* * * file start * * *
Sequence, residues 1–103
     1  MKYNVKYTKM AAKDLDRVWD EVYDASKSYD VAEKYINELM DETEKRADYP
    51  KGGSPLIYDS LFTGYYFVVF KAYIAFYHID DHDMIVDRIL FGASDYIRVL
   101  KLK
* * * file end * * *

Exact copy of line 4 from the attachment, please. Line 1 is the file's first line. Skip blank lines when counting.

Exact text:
   101  KLK